Known as “Transcranial Direct Current Stimulation”, the method has earlier been used to treat cognitive impairment among stroke and brain injury patients and those with learning difficulties, the Telegraph reported.
Experts from the University of Oxford’s Department of Experimental Psychology conducted experiments on healthy volunteers and checked how well they performed in mathematical problem solving and linguistic tasks before and after undergoing the shock treatment.
Electrodes were strapped to the head to deliver small electric currents to certain parts of the brain for short bursts up to 20 minutes.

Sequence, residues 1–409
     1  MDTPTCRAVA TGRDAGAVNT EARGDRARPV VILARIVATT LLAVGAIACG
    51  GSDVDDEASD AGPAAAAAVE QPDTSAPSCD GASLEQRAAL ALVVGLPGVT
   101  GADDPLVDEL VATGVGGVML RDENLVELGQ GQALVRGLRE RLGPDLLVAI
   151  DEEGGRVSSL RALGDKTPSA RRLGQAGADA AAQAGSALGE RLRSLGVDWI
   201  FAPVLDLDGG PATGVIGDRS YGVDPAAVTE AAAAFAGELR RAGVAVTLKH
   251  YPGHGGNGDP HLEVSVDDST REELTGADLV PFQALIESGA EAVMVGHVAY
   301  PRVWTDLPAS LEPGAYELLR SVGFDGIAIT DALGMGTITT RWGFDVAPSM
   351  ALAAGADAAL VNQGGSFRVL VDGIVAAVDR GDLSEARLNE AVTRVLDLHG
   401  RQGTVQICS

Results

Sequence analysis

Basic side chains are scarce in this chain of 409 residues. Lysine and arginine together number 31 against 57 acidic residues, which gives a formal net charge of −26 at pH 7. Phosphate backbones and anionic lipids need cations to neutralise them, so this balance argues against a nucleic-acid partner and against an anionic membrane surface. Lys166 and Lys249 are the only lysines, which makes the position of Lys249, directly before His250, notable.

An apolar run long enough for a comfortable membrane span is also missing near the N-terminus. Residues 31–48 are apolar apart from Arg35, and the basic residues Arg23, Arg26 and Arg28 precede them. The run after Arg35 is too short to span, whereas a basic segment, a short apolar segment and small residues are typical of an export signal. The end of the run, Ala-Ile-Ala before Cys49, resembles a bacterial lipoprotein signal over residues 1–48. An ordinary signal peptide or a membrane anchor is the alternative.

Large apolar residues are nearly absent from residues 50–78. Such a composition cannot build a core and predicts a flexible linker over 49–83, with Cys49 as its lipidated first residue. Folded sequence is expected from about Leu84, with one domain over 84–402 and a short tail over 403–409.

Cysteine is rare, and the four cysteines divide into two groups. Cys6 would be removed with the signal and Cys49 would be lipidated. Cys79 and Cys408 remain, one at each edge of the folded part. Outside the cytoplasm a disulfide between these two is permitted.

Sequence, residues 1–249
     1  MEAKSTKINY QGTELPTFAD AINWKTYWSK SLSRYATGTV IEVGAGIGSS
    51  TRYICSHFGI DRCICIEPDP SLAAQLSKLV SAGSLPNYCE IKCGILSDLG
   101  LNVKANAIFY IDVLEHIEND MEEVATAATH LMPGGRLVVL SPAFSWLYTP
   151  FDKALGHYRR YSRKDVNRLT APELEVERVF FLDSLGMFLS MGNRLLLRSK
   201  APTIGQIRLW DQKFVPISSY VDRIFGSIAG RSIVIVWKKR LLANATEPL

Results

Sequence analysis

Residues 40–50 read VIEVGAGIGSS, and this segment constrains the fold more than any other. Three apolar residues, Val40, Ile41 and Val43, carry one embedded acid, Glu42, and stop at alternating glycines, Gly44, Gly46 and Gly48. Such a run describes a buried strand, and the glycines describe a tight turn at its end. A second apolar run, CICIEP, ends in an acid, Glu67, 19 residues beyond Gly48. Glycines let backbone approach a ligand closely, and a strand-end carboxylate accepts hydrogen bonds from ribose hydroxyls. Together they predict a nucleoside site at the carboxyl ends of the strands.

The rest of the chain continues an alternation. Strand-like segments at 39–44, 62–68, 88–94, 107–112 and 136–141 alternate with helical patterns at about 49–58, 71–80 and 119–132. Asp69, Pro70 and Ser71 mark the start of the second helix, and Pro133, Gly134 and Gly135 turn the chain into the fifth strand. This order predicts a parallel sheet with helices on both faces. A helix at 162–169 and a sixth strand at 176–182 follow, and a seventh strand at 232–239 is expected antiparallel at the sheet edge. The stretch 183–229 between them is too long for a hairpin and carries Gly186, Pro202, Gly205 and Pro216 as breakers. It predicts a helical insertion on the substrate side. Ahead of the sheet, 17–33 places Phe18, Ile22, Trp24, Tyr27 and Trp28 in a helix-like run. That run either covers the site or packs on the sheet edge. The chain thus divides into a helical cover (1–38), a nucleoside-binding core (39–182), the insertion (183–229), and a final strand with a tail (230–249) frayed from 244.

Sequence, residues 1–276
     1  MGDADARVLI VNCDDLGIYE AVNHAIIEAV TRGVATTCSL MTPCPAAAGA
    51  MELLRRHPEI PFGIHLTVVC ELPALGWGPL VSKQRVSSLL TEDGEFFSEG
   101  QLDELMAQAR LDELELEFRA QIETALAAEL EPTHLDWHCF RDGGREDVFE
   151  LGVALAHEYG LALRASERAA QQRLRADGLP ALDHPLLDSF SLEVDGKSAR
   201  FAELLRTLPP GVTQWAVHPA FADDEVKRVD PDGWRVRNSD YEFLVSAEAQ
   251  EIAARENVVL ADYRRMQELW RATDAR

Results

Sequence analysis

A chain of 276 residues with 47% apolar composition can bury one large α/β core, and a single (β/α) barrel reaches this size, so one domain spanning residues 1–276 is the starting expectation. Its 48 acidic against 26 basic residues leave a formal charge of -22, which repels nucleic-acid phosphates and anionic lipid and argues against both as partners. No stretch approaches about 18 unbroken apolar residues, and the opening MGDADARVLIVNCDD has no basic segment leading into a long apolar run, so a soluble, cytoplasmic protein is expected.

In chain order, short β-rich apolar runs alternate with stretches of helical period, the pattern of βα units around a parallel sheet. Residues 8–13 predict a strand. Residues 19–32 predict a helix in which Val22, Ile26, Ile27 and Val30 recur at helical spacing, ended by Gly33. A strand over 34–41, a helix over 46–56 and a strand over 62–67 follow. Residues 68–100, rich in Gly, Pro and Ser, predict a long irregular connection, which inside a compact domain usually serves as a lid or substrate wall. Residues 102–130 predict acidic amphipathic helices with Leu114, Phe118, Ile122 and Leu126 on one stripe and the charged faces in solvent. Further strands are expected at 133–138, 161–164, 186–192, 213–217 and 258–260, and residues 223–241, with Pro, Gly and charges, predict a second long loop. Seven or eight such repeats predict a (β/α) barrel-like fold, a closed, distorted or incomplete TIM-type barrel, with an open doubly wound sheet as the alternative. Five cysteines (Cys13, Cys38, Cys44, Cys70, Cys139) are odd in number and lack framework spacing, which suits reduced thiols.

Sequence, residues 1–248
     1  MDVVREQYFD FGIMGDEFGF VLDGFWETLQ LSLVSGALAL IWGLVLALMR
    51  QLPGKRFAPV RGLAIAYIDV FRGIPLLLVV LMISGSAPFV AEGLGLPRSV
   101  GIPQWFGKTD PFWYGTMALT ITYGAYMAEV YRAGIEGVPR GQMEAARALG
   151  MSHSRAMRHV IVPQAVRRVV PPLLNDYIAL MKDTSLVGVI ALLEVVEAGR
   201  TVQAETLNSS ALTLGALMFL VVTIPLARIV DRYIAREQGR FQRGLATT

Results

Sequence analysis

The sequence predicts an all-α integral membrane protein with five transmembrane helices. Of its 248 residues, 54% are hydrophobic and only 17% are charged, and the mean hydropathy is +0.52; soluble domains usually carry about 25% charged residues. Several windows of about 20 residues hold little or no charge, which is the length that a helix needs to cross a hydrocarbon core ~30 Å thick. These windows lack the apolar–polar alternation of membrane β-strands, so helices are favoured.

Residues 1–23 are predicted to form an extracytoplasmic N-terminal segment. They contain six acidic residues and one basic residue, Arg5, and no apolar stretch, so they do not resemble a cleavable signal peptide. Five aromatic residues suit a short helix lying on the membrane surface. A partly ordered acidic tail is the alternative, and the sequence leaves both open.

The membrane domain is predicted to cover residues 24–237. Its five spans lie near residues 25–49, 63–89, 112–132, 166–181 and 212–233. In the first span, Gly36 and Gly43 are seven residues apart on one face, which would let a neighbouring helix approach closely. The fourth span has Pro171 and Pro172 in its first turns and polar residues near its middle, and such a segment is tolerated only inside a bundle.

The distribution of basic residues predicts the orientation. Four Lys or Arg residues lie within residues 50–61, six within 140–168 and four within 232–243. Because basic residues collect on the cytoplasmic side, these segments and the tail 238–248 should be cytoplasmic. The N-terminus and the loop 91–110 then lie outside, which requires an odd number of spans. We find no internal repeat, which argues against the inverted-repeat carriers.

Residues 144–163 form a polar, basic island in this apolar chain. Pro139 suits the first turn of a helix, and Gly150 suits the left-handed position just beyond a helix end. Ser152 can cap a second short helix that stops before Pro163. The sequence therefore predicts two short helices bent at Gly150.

Results showed the treatment improved the volunteers’ vision, decision-making, problem-solving, mathematical, language, memory, and attention capabilities.
The positive effects can last up to 12 months, the researchers said.
“The idea is to stimulate the brain in order to make it easier to learn new information such as maths. What we find with adults is that the improvement is not only in maths but actually in language, attention and decision making – they not only become better for a short time, but for long periods,” said Roi Cohen Kadosh, who led the research.